This event should also be a "teachable moment" not only for those involved but for all of us...
The administration at Catholic Memorial is to be commended for their quick action after 50 to 60 of their students chanted an anti-Semitic taunt during a March 11 basketball game with Newton North High School, which has a large Jewish population.
Catholic Memorial administrators took immediate action to halt the chant, fans apologized to the opposing team coach at the end of the game and students were barred from attending the next game at TD Garden the following Monday. Catholic Memorial administrators have further reassured the public that they will effect changes in their curriculum on the subject of intolerance and bigotry, to avoid similar incidents in the future.
Some may be tempted to excuse the inexcusable by citing the fact that the Newton North fans had made their own demeaning chants. However, as Catholics, we know we are accountable for our own actions, irrespective of the actions of others.
New England Regional Director of the Anti-Defamation League Robert O. Trestan said he hopes that this will be a "teachable moment for all of those involved," and he is right.
In a broader way, this event should also be a "teachable moment" not only for those involved but for all of us, as it clearly shows that, despite all the efforts to recognize the failures of the past and move together in a new friendship, more needs to be done at the grassroots level.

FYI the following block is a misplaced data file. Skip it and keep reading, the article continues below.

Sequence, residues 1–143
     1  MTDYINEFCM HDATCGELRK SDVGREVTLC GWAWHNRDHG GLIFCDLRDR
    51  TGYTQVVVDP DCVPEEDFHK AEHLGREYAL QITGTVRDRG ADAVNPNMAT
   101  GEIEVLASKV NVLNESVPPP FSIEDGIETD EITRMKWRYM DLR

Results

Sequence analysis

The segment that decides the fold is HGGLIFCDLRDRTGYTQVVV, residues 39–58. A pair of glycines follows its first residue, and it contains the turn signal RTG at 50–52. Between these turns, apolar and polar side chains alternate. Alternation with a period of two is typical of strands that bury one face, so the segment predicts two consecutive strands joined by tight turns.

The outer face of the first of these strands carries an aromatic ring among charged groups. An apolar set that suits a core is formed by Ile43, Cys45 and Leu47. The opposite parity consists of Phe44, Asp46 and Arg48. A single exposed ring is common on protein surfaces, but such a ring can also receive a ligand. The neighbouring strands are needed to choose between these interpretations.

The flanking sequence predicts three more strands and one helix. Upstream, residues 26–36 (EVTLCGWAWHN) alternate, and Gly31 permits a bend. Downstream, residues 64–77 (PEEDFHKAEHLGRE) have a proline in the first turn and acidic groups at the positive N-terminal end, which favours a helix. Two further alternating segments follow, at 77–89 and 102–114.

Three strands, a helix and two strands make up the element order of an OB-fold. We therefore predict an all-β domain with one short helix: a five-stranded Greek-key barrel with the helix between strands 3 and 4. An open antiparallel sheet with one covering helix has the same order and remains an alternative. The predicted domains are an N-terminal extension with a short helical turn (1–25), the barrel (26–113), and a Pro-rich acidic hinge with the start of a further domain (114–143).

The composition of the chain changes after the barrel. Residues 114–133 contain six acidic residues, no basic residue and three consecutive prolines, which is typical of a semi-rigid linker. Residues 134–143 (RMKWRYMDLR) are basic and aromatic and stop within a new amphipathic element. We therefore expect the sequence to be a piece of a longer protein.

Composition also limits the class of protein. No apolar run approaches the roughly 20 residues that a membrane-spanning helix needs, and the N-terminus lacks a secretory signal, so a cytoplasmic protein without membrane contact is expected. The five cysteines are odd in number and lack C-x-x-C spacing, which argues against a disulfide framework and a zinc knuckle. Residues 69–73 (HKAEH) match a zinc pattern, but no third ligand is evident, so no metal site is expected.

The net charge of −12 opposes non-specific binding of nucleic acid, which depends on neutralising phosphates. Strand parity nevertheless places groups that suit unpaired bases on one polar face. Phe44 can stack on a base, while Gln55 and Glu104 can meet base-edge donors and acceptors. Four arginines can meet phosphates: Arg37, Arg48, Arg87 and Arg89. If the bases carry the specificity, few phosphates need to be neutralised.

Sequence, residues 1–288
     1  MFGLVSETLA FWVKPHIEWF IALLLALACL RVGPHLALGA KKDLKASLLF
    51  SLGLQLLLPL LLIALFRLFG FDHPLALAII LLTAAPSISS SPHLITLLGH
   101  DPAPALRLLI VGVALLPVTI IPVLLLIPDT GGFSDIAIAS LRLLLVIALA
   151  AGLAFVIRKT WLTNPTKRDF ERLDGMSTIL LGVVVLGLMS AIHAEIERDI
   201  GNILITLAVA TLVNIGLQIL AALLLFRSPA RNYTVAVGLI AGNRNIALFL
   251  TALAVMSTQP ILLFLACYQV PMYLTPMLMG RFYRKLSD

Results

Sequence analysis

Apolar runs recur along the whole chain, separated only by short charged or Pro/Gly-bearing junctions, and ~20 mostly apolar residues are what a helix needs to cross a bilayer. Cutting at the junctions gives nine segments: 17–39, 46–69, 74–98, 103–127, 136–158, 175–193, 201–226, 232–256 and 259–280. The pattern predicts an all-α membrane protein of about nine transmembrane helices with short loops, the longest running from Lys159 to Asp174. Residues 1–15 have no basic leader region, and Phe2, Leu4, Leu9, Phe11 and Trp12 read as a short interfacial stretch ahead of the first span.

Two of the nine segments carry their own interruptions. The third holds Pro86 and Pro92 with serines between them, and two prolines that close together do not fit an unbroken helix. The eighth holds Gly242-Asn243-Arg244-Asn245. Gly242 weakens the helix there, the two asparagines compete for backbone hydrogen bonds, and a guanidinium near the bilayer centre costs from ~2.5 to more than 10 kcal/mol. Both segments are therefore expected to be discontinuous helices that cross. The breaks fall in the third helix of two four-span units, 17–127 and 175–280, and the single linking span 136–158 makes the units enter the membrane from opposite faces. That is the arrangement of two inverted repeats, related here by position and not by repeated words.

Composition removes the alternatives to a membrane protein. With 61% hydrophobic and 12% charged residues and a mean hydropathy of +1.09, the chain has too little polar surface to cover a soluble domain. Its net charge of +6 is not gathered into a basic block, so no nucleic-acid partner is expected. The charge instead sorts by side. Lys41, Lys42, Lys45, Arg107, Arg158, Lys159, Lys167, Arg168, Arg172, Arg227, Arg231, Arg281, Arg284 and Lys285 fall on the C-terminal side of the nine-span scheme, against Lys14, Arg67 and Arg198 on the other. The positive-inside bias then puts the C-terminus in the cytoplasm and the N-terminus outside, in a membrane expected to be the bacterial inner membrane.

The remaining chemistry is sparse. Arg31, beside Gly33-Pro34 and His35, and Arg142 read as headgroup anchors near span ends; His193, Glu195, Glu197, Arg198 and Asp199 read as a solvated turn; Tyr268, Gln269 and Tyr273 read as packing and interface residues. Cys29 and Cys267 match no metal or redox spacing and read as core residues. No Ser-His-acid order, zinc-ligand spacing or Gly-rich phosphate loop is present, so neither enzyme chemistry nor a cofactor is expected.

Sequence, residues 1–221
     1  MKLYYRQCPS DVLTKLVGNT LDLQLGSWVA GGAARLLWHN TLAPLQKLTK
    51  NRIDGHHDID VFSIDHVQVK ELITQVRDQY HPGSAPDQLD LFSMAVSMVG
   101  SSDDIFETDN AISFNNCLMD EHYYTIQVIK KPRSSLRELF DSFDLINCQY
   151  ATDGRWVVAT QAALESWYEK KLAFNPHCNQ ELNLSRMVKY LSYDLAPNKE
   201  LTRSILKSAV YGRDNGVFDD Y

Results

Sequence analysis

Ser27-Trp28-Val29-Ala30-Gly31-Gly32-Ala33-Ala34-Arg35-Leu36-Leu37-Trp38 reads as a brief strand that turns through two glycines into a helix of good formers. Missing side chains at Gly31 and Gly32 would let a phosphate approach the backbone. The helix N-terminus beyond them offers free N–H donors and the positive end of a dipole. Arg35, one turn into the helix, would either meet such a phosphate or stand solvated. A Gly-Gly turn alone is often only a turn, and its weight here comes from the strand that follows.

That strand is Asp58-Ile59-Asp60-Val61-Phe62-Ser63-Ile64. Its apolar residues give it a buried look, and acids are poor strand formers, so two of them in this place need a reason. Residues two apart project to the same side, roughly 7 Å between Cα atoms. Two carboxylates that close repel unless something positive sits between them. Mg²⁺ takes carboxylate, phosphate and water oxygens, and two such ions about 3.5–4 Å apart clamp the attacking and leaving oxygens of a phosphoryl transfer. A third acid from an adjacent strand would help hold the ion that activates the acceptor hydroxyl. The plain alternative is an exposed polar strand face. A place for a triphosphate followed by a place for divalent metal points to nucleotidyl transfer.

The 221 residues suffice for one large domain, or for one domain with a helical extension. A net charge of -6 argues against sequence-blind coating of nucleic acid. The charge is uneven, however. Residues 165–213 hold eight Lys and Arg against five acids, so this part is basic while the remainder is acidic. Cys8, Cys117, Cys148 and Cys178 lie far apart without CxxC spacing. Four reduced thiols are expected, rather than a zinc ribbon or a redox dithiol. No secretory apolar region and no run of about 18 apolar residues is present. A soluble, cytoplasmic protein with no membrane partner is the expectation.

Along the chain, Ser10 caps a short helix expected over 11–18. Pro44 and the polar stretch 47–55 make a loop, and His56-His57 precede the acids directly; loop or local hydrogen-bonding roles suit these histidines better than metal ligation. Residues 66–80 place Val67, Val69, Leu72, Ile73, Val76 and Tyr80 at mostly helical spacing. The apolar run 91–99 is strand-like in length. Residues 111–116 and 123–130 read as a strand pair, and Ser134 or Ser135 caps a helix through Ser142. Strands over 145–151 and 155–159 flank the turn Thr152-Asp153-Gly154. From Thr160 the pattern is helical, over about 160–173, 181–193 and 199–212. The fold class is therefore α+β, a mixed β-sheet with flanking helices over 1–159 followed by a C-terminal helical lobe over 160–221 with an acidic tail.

Catholic-Jewish relations have greatly improved since the Second Vatican Council's Nostra Aetate was issued. Since then, Pope St. John Paul II has called the Jewish people our "elder brothers and sisters," Pope Benedict called them "fathers in the faith," and Pope Francis, during his recent visit to the Rome Synagogue, stressed the "irrevocability" of God's covenant with the Jewish people. Locally, just the evening before the Catholic Memorial-Newton North game, Cardinal O'Malley praised the progress in Catholic-Jewish relations at an event held to mark the anniversary of Nostra Aetate at Temple Emanuel in Newton.
The tremendous progress realized in the past 50 years needs to trickle down from the leadership to the rank and file in our churches and synagogues. Only in that way will events like this truly become a thing of the past.
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